Color sensor achieves high dynamic range with auto exposure

Hamamatsu S9032

Massimo Gottardi


The Design Idea in Figure 1 is a color detector capable of generating an RGB triplet over a high dynamic range, a useful attribute for machine vision applications. The circuit implements auto-exposure control to achieve this. Thus, RGB values for a subject are invariant over a range of light intensity.

Color sensor achieves high dynamic range with auto exposure
Figure 1. RGB sensor with auto-exposure control.

The three common-cathode RGB photodiodes (U1, Figure 2) are reverse-biased and pre-charged to VR (typically 0.5 V) through the three N-channel MOSFETs (M1, M2, M3) when RES is driven high by the µC (microcontroller). After the reset phase, the voltages on nodes R, G, and B start increasing, linearly proportional to the intensity of each color component. These signals feed three comparators (U2) with wired-OR-connected outputs. The first signal reaching the threshold VTH (typically 2.6 V) causes SH to assert through inverter U3A, which strobes the sample-and-hold amplifiers, U4.

Color sensor achieves high dynamic range with auto exposure
Figure 2.  

The held voltages RH, GH, and BH are then converted by the Arduino Nano for further processing. Analog-to-digital conversion could be accomplished by the µC without U4, but the successive conversions would introduce a sampling error among signals. This error is larger for brighter signals because of the higher slew‑rate. Alternatively, a µC with at least three ADCs could be used.

D1 adds brute-force hysteresis to the comparators, and D2 allows the Arduino to define a maximum exposure time by pulling node T2 down, holding the RGB signals. This function is necessary to guarantee a fixed operating rate of the sensor. Figure 3 shows signal timing. At time t1, when R = VTH, comparator U2A pulls low, holding the triplet [RH, GH, BH], to be converted by the µC at the end of the process (TADC). At t2 – the end of the maximum exposure time – the µC sets SH1 low and converts the inputs.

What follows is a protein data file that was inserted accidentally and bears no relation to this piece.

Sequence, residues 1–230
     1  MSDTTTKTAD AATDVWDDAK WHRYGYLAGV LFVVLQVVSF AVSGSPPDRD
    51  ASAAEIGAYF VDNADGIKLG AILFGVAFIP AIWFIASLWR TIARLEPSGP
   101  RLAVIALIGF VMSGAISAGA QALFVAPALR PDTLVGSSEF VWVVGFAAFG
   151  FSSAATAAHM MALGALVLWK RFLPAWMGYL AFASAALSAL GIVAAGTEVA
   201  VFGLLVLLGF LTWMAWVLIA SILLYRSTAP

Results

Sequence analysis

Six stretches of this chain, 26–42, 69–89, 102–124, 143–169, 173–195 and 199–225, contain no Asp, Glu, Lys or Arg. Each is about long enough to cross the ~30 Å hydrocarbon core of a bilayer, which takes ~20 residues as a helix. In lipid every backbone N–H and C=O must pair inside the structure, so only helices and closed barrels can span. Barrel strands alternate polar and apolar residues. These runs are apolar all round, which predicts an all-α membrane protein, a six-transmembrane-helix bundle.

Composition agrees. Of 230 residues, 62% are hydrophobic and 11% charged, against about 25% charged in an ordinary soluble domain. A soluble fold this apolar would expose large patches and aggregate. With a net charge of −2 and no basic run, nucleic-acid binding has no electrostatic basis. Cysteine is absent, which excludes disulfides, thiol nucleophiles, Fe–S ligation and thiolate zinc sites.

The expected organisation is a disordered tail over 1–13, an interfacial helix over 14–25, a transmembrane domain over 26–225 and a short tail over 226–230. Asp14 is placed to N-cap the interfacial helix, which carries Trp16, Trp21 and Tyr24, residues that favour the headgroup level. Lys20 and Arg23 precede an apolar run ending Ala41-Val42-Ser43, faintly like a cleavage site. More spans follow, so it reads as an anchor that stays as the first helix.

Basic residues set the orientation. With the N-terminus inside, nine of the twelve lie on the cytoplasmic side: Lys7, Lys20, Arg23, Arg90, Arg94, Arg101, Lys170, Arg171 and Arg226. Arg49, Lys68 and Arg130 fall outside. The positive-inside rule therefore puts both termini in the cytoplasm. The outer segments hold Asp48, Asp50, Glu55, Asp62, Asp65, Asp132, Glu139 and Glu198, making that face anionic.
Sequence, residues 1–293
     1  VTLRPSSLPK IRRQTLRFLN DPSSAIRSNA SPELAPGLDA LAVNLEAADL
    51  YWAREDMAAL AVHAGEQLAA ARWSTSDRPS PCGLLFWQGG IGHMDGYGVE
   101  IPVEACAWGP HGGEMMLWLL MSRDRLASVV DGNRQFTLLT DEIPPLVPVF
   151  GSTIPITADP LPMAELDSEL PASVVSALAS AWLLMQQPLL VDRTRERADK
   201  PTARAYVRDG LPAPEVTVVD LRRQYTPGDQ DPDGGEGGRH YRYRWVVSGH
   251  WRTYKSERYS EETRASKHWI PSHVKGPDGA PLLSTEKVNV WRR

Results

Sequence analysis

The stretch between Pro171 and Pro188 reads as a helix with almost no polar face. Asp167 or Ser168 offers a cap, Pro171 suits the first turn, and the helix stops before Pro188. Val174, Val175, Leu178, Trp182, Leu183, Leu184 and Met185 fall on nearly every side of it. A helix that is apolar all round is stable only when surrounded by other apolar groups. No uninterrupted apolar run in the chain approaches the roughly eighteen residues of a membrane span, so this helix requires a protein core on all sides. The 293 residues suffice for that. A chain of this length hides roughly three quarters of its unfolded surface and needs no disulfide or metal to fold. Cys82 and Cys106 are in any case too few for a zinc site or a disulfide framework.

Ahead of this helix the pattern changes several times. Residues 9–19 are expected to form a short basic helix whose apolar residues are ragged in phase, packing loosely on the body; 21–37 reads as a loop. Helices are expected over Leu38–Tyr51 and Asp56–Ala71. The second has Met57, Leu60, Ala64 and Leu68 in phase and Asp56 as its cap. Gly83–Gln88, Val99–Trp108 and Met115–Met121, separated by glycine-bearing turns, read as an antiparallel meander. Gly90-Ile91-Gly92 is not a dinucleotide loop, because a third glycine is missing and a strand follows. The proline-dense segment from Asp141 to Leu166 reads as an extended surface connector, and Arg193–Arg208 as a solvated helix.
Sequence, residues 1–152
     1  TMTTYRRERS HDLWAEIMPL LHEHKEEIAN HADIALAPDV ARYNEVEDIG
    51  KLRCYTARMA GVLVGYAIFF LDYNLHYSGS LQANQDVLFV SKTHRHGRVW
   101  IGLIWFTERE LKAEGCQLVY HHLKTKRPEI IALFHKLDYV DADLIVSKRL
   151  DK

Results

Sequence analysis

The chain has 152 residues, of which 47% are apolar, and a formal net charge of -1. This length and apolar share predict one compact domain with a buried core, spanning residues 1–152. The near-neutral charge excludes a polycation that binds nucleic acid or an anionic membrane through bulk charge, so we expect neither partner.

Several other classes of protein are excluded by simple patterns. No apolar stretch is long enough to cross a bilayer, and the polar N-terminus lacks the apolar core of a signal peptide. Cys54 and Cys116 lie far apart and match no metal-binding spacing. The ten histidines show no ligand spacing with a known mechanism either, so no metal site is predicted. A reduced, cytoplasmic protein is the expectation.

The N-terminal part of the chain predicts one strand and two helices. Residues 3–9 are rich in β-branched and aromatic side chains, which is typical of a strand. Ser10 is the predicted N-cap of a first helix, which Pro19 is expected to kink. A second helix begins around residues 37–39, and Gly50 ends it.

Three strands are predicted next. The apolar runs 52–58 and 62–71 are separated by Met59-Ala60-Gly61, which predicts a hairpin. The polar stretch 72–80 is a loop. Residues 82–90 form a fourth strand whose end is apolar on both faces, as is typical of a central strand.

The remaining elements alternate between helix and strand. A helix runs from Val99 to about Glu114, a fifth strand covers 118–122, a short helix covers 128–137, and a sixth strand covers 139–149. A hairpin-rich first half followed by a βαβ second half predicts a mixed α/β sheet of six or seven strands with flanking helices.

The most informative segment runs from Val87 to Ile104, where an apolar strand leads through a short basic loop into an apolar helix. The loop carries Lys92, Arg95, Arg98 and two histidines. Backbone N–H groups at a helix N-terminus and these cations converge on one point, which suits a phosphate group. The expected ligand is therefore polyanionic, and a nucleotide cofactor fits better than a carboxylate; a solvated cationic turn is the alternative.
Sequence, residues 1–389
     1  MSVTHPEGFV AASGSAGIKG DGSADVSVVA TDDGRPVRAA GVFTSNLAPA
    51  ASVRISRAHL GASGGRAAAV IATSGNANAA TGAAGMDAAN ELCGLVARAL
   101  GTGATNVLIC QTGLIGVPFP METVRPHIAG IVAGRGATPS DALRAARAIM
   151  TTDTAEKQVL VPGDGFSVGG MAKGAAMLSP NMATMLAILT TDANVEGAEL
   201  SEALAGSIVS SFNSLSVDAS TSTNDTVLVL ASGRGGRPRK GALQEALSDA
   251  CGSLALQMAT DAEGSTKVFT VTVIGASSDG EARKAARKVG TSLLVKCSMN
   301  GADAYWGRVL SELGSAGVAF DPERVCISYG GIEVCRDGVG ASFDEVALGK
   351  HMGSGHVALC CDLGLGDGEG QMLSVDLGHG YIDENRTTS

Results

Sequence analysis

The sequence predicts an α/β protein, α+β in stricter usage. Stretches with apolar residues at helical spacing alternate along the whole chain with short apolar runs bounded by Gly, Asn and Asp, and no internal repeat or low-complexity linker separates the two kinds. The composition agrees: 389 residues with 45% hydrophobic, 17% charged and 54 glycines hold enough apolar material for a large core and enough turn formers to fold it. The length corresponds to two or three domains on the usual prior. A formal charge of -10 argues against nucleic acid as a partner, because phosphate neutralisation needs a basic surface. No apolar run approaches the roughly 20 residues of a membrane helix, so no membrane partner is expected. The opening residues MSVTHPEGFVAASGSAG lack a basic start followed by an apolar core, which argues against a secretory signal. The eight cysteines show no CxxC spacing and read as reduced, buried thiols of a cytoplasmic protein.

Color sensor achieves high dynamic range with auto exposure
Figure 3. Timing diagram.

Summarizing, the brightest signal among R, G, and B determines the exposure time (t1) so that no saturation occurs on any of the signals. This signal compression enables a dynamic range of about 100 dB using an 8-bit ADC. Moreover, to reach such performance, it is not necessary to tune any circuit parameter.

Figure 4 explains how high dynamic range is obtained through the auto-exposure control. Given a target, for each light intensity, there will be always an exposure time which guarantees the triplet [RH, GH, BH] to be constant:

Color sensor achieves high dynamic range with auto exposure
Figure 4. An example of two RGB triplets referred to the same target acquired at two
different light intensities. [R1,G1,B1] are bright signals, sampled at Ta,
while [R2,G2,B2] are dark signals, sampled at Tb. Since
[R1,G1,B1]Ta = [R2,G2,B2]Tb, the chromaticity of the object does not
depend on the light intensity.

Although fully integrated, digitally-interfaced RGB sensors are available (e.g., Avago APDS-9950, ams TMG3993), they do not implement auto-exposure, and hence may require multiple exposures and µC intervention to achieve such functionality.

Materials on the topic

  1. Datasheet Hamamatsu S9032
  2. Datasheet Analog Devices SMP04
  3. Datasheet Texas Instruments SN74LS04
  4. Datasheet Texas Instruments TLC339


  1. Arduino source code


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